[ in-hab-i-tid ]
/ ɪnˈhæb ɪ tɪd /


having inhabitants; occupied; lived in or on: an inhabited island.

Nearby words

  1. inh,
  2. inhabit,
  3. inhabitable,
  4. inhabitancy,
  5. inhabitant,
  6. inhabiter,
  7. inhalant,
  8. inhalation,
  9. inhalation analgesia,
  10. inhalation anesthesia

Origin of inhabited

First recorded in 1490–1500; inhabit + -ed2

Related formsin·hab·it·ed·ness, nounun·in·hab·it·ed, adjectivewell-in·hab·it·ed, adjective


[ in-hab-it ]
/ ɪnˈhæb ɪt /

verb (used with object)

to live or dwell in (a place), as people or animals: Small animals inhabited the woods.
to exist or be situated within; dwell in: Weird notions inhabit his mind.

verb (used without object)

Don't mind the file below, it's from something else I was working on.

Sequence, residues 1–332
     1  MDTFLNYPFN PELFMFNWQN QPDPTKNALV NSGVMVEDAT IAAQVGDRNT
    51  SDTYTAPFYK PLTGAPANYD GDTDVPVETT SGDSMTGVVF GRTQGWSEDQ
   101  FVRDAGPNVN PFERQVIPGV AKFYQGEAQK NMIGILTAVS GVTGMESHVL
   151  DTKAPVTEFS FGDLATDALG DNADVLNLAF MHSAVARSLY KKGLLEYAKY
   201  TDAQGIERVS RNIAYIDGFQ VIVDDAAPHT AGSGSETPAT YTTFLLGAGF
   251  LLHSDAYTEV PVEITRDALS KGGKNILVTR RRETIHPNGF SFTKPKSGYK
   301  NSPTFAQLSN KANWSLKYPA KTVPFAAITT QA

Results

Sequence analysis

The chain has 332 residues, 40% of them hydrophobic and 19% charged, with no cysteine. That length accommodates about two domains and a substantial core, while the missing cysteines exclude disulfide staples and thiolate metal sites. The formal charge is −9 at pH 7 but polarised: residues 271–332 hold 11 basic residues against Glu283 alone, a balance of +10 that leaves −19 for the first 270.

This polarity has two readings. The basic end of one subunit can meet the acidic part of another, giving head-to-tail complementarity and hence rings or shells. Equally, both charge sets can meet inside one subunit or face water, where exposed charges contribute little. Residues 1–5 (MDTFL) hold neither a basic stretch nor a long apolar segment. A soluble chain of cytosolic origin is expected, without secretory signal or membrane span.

Archaic. to live or dwell, as in a place.

Origin of inhabit

1325–75; < Latin inhabitāre, equivalent to in- in-2 + habitāre to dwell (see habit2); replacing Middle English enhabiten < Middle French enhabiter < Latin as above

Related forms
Can be confusedhabitable inhabitable uninhabitable Unabridged Based on the Random House Unabridged Dictionary, © Random House, Inc. 2019

Examples from the Web for inhabited

British Dictionary definitions for inhabited


/ (ɪnˈhæbɪt) /

verb -its, -iting or -ited

(tr) to live or dwell in; occupy
(intr) archaic to abide or dwell
Derived Formsinhabitable, adjectiveinhabitability, nouninhabitation, noun

Word Origin for inhabit

C14: from Latin inhabitāre, from habitāre to dwell

Collins English Dictionary - Complete & Unabridged 2012 Digital Edition © William Collins Sons & Co. Ltd. 1979, 1986 © HarperCollins Publishers 1998, 2000, 2003, 2005, 2006, 2007, 2009, 2012

Word Origin and History for inhabited



late 14c., from Old French enhabiter "dwell in" (12c.), from Latin inhabitare "to dwell in," from in- "in" (see in- (2)) + habitare "to dwell," frequentative of habere "hold, have" (see habit). Related: Inhabited; inhabiting.

Online Etymology Dictionary, © 2010 Douglas Harper